Gainful employment; personal growth; impressive athletic achievements; unlimited artistic and creative opportunities; and a sense of real community are just some of the many benefits enjoyed by clients at JESPY House, a South Orange nonprofit for adults with Intellectual and Developmental disabilities. In existence since 1978, it was then that JESPY embarked on its journey of helping clients lead independent and fulfilling lives.

   What began as a program with four clients, three staff, and one location has grown to more than 250 clients, over 100 staffers, seven residential locations, and three program sites. Having recently marked its 40th anniversary, JESPY’s services include the Work Readiness and Employment Engagement (WREE), Social Wellness & Expressive Arts (SWEA), Residential, and Athletics & Fitness, and Transitions programs. Transitions provides programming for high school graduates that focuses on activities, job and daily living skills, and more.

   “I’ve been a part of Transitions’ Life Skills program, where staff helps me learn skills to live on my own, find a job and stick to a budget,” says long-time JESPY client Alec Reed. “When I first started at JESPY, I really didn’t go out in the community much…soon I was able to go out by myself any day I wanted.” 

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   One of JESPY’s most sought after programs is its strong vocational program called WREE (Work Readiness and Employment Engagement) WREE’s staff continually seek and identify new employment opportunities for clients and job coaches assist clients with job searches, and on-site training. Staff also offers pre-placement counseling and job coaching and travel training.

   Currently, an estimated 126 clients are working in the areas of retail, food services, child care, education, cosmetology, insurance, and more -- in towns within Essex, Union, Hudson, Passaic, and Morris counties.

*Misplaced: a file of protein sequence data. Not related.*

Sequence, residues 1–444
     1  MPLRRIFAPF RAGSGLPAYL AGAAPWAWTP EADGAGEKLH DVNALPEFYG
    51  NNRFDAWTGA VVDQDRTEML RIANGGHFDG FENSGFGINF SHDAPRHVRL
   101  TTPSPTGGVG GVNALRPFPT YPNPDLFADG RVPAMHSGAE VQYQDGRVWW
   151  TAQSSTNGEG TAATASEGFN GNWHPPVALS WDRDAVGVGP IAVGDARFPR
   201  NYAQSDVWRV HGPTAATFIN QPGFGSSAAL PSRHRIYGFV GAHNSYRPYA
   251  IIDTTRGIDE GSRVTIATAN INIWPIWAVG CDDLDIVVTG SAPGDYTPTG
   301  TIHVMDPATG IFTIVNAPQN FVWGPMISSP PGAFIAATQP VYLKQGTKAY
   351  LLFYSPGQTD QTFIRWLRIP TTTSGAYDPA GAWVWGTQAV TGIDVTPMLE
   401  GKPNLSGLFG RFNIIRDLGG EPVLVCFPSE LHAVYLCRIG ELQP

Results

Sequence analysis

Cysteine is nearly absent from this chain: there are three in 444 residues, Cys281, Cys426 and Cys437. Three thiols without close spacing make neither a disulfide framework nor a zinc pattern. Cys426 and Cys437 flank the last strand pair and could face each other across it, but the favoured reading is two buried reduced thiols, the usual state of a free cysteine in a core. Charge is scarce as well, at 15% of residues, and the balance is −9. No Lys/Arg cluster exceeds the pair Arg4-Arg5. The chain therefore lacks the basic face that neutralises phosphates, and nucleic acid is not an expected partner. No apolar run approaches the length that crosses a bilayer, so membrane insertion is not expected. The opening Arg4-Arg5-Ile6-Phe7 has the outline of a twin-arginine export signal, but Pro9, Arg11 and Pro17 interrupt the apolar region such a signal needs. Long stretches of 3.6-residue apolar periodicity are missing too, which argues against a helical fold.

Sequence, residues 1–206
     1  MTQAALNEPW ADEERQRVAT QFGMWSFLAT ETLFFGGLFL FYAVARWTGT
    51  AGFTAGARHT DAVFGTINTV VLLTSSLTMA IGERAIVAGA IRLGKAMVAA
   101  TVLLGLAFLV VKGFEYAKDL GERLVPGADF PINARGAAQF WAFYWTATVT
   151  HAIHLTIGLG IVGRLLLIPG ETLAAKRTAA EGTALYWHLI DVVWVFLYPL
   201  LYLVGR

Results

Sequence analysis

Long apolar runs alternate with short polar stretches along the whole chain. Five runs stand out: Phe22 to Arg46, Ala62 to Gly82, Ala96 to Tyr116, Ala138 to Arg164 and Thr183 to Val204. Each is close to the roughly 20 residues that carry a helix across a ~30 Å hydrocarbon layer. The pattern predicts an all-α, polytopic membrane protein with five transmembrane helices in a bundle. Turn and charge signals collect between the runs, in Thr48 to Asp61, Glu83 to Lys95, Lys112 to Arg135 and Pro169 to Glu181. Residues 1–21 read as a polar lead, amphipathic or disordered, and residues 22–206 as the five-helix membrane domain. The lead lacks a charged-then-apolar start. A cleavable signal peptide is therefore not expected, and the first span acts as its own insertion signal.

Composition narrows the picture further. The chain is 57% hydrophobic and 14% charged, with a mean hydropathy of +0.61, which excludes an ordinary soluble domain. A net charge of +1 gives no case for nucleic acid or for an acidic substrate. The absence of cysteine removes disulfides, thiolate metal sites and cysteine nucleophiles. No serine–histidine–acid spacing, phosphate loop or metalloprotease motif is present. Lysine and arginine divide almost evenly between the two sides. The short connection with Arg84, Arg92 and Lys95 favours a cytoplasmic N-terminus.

“JESPY has been instrumental in my growth and development over the past 34 years,” shares client Jody Kanner. “It was here that I gained valuable work experience which transcended into my thirty-year career at Prudential. Throughout my time at Prudential, I was able to grow professionally by assuming various new roles as the company transitioned.”

   Within the Transitions Day and SWEA (Social Wellness & Expressive Arts) programs, clients also enjoy an array of recreation, artistic, and socialization activities that help foster interaction within the community and build life skills and creativity. Popular sessions include nutrition, knitting, gardening, sip & paint, computer skills, Zumba, and more. During their time at JESPY, many clients have expressed that they’ve found a place to build their confidence, meet new friends, and gain independence.

   JESPY is much more than a program for adults with Intellectual and Developmental Disabilities; it is a unique community within a community that has grown to accommodate the needs and interests of JESPY clients. From its Shared Housing Program, established in 1998, to its support of 140 clients who live independently in apartments in South Orange, helping clients to build lives of their own choosing remains as important today as it was when JESPY was founded.

  As a father of a JESPY client recently shared, “Without JESPY, my daughter would not have a life. My wife and I would not have a life either.”

   Recognizing that the I/DD population ages earlier than the general population and that aging compounds some disabilities, JESPY established an Aging in Place Initiative with funding support from the Healthcare Foundation of New Jersey. Funding has allowed JESPY to train staff how to identify and address those changing needs and has helped JESPY to provide tailored programming to keep older clients engaged and healthy.  

   This led to a powerful two-day Aging in Place Symposium last fall with renowned thought leaders, educators and national experts providing sought-after information on timely topics impacting adults aging with I/DD. Not only did the symposium share best practices for those who work with and care for those with developmental disabilities, it provided practical information for families of those with I/DD.

   This spring, JESPY’s Aging in Place Initiative will add another new exciting element – the opening of The Michael Och House, A Center for Aging at JESPY. Made possible by generous support from the Och Family and other caring donors, the fully accessible Och House will become home to nine older JESPY clients. The Grand Opening for the Och House takes place on June 2, 2019.

 JESPY House serves 250 adults with intellectual and developmental disabilities ranging in age from 18 to 70.  For more information, log onto